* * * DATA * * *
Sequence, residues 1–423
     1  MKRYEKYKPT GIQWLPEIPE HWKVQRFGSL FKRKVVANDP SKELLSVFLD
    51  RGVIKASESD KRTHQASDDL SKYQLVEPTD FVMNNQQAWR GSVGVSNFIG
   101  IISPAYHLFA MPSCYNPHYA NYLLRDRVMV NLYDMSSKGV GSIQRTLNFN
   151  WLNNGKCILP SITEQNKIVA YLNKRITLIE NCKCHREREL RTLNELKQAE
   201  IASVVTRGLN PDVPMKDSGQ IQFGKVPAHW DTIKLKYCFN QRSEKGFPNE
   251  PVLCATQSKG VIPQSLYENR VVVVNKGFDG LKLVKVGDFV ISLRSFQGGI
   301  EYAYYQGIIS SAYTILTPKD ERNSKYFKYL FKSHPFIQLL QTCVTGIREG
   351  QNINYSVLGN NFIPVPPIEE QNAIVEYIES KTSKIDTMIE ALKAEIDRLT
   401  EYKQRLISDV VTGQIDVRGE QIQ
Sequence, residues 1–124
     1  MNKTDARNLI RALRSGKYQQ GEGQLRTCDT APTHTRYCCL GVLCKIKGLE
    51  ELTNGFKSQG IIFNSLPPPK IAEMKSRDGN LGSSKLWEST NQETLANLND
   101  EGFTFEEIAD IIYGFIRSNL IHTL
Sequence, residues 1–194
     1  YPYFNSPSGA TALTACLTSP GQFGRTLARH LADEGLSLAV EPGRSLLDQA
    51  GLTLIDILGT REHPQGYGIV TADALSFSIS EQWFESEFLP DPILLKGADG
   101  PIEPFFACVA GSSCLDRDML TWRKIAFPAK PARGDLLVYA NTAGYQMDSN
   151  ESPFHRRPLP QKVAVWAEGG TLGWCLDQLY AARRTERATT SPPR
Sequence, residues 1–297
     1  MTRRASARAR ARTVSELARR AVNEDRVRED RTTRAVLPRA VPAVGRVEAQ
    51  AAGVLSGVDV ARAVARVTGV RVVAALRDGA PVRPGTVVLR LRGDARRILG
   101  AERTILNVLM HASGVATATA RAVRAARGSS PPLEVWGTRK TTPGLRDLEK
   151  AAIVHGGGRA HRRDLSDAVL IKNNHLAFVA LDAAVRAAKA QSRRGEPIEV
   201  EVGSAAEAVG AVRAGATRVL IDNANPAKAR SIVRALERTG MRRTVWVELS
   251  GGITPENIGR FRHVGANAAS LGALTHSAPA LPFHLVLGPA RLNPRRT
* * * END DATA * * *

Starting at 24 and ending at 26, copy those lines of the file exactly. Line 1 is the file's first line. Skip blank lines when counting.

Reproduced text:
   151  AAIVHGGGRA HRRDLSDAVL IKNNHLAFVA LDAAVRAAKA QSRRGEPIEV
   201  EVGSAAEAVG AVRAGATRVL IDNANPAKAR SIVRALERTG MRRTVWVELS
   251  GGITPENIGR FRHVGANAAS LGALTHSAPA LPFHLVLGPA RLNPRRT